Tinnitus can be associated with many different aetiologies such as hearing loss or a noise trauma, but it can also be related to the somatosensory system of the cervical spine. The diagnosis of cervicogenic somatic tinnitus(CST) is made when the predominant feature is the temporal coincidence of appearance or increase of both neck pain and tinnitus. To assess the diagnostic value of clinical cervical spine tests in CST. Consecutive adult patients suffering from chronic subjective non-pulsatile tinnitus were included in the study. The exclusion criteria were vertigo, Meniere’s disease, middle ear pathology, intra cranial pathology, cervical spine surgery, whiplash trauma, temporomandibular dysfunction. Full ENT examination to classify patients in CST and non-CST population. Physical therapy examination included completion of the Neck Bournemouth Questionnaire(NBQ) and clinical cervical spine tests: manual rotation test, adapted Spurling test(AST), trigger points tests and strength and endurance of deep neck flexors. In all 87 tinnitus patients participated, of which 37 (43%) were diagnosed with CST. CST diagnosis becomes less likely when NBQ scores <14 points (sensitivity 80%, likelihood ratio(LR):0.3, post-test probability(PTP):19%). Absence of trigger points corresponds with a LR of 0.3, a sensitivity of 82% and a PTP of 22%. A positive manual rotation and AST indicate a higher probability of CST (LR:5, specificity of 90%, PTP:78%)).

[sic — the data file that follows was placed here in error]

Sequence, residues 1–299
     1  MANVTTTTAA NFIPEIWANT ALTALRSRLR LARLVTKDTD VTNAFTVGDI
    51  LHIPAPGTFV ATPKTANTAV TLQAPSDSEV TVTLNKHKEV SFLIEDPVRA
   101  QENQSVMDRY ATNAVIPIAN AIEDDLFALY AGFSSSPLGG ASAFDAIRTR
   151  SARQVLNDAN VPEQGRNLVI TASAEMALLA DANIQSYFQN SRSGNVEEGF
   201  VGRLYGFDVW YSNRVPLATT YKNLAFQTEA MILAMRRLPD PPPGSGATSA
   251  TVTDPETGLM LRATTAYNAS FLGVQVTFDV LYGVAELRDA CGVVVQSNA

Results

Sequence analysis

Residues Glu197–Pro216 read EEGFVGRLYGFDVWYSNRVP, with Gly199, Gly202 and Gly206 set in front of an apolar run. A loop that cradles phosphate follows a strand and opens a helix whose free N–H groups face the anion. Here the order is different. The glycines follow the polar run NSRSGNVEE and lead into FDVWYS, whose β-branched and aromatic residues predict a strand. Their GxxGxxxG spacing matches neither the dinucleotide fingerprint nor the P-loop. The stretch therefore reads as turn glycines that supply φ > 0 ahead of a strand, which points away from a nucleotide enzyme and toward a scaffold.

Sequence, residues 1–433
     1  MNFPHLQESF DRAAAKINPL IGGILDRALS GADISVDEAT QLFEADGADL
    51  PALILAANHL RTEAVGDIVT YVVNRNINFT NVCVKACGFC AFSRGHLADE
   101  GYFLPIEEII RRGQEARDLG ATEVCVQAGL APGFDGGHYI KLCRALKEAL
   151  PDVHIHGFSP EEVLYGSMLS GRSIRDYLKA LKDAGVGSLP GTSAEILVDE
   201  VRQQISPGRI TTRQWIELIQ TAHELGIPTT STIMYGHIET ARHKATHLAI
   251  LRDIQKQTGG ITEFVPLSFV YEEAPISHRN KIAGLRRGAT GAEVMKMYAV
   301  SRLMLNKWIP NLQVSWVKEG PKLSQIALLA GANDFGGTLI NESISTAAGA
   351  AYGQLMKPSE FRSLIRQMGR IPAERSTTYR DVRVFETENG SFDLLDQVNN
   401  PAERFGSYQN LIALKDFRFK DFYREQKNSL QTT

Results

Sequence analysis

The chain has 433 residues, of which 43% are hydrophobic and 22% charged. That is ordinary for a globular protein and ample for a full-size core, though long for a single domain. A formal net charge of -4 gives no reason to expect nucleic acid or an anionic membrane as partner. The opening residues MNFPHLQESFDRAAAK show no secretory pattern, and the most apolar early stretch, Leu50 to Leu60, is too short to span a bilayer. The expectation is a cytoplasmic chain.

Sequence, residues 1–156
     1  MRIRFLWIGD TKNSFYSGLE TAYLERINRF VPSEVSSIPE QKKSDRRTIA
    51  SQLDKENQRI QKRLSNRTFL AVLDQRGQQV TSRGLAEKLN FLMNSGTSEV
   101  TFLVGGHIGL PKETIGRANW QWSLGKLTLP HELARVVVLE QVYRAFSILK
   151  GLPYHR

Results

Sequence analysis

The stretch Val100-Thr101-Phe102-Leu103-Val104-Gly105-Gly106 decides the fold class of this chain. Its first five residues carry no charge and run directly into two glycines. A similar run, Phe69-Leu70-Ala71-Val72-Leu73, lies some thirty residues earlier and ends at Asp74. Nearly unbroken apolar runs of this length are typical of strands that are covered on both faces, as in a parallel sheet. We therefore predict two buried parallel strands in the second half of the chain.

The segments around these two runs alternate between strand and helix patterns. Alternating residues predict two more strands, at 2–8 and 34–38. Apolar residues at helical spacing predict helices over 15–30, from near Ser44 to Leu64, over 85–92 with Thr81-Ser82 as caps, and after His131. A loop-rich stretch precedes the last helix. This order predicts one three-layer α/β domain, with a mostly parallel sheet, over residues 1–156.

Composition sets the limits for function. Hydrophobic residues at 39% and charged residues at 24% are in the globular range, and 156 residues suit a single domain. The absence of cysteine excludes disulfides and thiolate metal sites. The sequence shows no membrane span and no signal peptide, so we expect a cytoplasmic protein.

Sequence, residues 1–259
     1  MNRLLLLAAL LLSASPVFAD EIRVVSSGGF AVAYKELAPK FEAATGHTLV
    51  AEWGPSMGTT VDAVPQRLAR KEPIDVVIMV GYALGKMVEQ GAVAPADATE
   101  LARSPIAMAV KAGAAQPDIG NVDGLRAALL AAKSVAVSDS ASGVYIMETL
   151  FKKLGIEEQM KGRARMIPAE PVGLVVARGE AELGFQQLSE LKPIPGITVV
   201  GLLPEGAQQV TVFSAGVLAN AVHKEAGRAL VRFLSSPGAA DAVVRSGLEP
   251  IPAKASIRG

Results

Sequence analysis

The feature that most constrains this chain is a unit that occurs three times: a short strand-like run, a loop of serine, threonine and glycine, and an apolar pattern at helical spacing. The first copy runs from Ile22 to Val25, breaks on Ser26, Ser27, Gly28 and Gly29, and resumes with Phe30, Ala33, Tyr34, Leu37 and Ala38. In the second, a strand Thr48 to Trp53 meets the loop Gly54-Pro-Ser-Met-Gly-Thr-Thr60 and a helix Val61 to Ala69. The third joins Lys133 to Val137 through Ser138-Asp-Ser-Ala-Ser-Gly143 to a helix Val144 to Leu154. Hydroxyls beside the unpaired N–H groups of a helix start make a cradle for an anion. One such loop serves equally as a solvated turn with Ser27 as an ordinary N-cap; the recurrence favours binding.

Clinical cervical spine tests can support the diagnostic process of CST. An NBQ score <14 points and the absence of trigger points can assist in the exclusion of CST. In contrast, a positive manual rotation and AST can help to include CST. It is advised that these tests be included in a multidisciplinary assessment of patients with suspected CST.